The University of Colorado Cancer Center is the only National Cancer Institute-designated comprehensive cancer center serving Colorado, and one of just 41 in the United States. The CU Cancer Center is also one of 25 elite members of the National Comprehensive Cancer Network, setting the gold standard in terms of national and international guidelines for clinical practice in oncology.
At first glance upon attending the 5th Annual Cocktails for a Cure event (presented by Sherman & Howard, L.L.C. and matched by The Salah Foundation to benefit cutting edge research for the University of Colorado Cancer Center), one might see lovely ladies enjoying swanky cocktails. While the rainbow variety of delicious cocktails was delightful, it became very clear quite quickly that the true heart of involvement from board members, organizers, vendors, and attendees alike was the spirit of camaraderie and a passion for prevention and community.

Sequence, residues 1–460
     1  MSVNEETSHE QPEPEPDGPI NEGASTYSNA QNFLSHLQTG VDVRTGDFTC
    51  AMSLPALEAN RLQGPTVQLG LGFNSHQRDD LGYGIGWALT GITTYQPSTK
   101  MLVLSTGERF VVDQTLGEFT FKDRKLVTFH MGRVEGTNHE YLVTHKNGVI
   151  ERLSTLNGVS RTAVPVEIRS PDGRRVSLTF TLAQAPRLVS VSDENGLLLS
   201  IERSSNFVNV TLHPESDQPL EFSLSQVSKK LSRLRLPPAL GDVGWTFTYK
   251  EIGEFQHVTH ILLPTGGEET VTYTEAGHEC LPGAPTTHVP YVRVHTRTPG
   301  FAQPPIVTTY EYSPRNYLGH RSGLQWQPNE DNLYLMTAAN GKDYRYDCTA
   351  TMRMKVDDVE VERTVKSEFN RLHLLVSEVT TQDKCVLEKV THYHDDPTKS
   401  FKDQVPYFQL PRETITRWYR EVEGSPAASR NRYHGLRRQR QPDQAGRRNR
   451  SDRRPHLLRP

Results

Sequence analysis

The evening began with attendees trying specialty cocktails including a deliciously ginger-based martini featuring earl grey tea and candied ginger, courtesy of Frasca Food & Wine, a healthy kale-pear vodka number presented by Bol; a blood orange and ginger beer drink by Tag; a raspberry and rosemary drink by Guard and Grace; and a delicious whiskey bitters and spiced pear drink with Jax. Chris Bates also offered his services as Sommelier.
While ladies browsed and chatted, the Wall of Wine was open to choose a donated bottle at random, with value from $20-$200 with a $25 donation. Ladies perused the silent auction that included highlights such as a Granby Ranch Getaway, a Blowout to Go Out to pamper you and eight close friends, and a VIP Nuggets Experience. Gourmet served as the caterers for the event, with a delicious menu of food items. Sugarlicious presented a fun array of party favors with cocktail-like themes, including “martini olives” that delightfully were actually chocolate-covered almonds. Happy Cakes cupcakes adorned a table in the back of the venue, with a variety of options including a French toast cupcake.
A celebrity wall for photographs to be taken filled the hallway, and committee members were easily spotted wearing glimmering tiaras that added to the magic of the evening. After attendees sipped on drinks, nibbled and noshed on hors d’oeuvres and chatted among themselves after perhaps putting in a bid to the silent auction—the speaking program began.